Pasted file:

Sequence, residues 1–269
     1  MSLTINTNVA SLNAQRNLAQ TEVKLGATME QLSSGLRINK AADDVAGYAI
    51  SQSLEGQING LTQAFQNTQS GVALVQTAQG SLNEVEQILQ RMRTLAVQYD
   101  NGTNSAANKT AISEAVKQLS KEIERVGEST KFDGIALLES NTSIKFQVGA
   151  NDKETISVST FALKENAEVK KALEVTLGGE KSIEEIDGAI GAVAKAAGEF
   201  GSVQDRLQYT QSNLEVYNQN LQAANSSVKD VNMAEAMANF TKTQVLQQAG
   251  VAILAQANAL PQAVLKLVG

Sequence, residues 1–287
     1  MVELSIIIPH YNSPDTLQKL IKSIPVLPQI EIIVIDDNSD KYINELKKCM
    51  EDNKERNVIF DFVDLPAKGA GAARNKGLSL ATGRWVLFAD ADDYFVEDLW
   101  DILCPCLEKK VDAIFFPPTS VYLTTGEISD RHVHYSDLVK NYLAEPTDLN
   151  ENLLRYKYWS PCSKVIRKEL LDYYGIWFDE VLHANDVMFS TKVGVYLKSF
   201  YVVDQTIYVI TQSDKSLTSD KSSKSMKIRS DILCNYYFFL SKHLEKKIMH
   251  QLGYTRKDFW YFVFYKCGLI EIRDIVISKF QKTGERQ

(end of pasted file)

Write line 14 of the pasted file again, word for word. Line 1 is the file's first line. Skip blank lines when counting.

   251  QLGYTRKDFW YFVFYKCGLI EIRDIVISKF QKTGERQ